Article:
# Show that $\left(\frac{x_1^{x_2}}{x_2}\right)^p+\left(\frac{x_2^{x_3}}{x_3}\right)^p+\cdots+\left(\frac{x_n^{x_1}}{x_1}\right)^p\ge n$ for any $p\ge1$

The inequality $$\sqrt{\frac{a^b}{b}}+\sqrt{\frac{b^a}{a}}\ge 2$$ for all $$a,b>0$$ was shown here using first-order Padé approximants on each exponent, where the minimum is attained at $$a=b=1$$.

By empirical evidence, it appears that inequalities of this type hold for an arbitrary number of variables. We can phrase the generalised problem as follows.

Let $$(x_i)_{1\le i\le n}$$ be a sequence of positive real numbers. Define $$\boldsymbol a=\begin{pmatrix}a_1&\cdots&a_n\end{pmatrix}$$ such that $$a_k=x_k^{x_{k+1}}/x_{k+1}$$ for each $$1\le k and $$a_n=x_n^{x_1}/x_1$$. How do we show that $$\|\boldsymbol a\|_p^p\ge n$$ for any $$p\ge1$$?

As before, AM-GM is far too weak since the inequality $$\displaystyle\|\boldsymbol a\|_p^p\ge 2\left(\prod_{\text{cyc}}\frac{x_1^{x_2}}{x_2}\right)^{1/{2p}}$$ does not guarantee the result when at least one $$x_i$$ is smaller than $$1$$. We can eliminate the exponent on the denominator by taking $$x_i=X_i^{1/p}$$ so that $$\displaystyle\|\boldsymbol a\|_p^p=\sum_{\text{cyc}}\frac{X_1^{X_2^{1/p}}}{X_2}$$ but the approximant approach no longer becomes feasible; even in the case where $$p$$ is an integer the problem reduces to a posynomial inequality of rational degrees. Perhaps there are some obscure $$L^p$$-norm/Hölder-type identities of use but I'm at a loss in terms of finding references.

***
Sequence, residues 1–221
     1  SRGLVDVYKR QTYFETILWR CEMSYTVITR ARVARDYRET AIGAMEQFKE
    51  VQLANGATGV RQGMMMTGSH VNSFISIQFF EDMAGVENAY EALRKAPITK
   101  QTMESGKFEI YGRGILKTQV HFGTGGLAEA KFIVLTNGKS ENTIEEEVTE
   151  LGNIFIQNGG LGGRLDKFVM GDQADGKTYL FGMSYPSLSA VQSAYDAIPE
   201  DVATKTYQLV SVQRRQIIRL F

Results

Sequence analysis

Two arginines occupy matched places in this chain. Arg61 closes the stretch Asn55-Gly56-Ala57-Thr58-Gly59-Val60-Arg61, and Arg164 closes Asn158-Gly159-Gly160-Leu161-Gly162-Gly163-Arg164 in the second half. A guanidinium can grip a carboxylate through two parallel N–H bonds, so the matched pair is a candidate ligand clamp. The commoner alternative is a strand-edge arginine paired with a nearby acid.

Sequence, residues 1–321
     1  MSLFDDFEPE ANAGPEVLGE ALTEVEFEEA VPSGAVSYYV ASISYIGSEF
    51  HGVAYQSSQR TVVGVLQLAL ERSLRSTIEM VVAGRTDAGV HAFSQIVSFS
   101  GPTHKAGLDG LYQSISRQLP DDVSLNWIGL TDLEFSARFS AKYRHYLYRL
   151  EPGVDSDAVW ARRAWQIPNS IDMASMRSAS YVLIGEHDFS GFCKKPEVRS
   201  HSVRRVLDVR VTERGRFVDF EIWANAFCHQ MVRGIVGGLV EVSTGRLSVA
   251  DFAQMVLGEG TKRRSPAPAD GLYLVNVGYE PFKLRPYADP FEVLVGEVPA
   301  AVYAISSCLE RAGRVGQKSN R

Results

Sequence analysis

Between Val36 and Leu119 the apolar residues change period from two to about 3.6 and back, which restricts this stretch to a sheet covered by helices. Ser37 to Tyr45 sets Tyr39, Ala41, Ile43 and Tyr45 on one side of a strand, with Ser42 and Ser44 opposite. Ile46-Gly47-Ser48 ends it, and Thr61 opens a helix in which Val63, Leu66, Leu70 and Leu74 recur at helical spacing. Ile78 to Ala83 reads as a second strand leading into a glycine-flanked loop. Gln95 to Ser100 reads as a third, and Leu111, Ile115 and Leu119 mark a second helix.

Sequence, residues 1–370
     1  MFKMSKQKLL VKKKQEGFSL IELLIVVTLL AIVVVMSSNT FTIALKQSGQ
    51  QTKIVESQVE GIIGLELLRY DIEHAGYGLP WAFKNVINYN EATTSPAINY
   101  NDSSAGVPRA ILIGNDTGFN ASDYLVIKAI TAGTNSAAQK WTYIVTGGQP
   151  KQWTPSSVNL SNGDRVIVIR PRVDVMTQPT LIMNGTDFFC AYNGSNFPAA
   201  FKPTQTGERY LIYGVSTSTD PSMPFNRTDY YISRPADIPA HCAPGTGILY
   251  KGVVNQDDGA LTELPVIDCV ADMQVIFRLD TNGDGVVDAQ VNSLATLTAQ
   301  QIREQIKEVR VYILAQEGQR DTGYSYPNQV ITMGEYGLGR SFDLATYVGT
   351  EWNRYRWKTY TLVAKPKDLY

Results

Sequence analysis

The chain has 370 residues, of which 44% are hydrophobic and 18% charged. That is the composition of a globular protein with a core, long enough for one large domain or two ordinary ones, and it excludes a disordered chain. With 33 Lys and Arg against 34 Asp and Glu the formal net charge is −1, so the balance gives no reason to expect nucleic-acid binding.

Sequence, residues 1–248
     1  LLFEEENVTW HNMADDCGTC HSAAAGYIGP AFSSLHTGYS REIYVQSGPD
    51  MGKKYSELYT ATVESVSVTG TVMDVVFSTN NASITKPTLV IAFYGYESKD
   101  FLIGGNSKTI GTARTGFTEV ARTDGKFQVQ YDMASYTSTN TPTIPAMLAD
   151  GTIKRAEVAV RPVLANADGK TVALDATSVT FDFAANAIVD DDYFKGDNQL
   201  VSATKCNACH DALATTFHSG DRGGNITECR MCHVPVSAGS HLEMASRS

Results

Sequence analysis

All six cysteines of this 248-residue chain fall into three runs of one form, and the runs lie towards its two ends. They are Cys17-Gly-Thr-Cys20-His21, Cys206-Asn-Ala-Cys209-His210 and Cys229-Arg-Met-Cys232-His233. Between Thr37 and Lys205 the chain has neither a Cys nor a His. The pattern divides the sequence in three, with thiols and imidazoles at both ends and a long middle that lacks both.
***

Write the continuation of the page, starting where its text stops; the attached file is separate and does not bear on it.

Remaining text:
Empirical results: In the interval $$p\in[1,\infty)$$, Wolfram suggests that the minimum is $$n$$ (Notebook result) which is obtained when $$\boldsymbol a$$ is the vector of ones. However, we note that in the interval $$p\in(0,1)$$, the empirical minimum no longer displays this consistent behaviour as can be seen in this Notebook result. The sequence $$\approx(1.00,2.00,2.01,3.36,3.00,4.00)$$ appears to increase almost linearly every two values, but I cannot verify it for a larger number of variables due to instability in the working precision.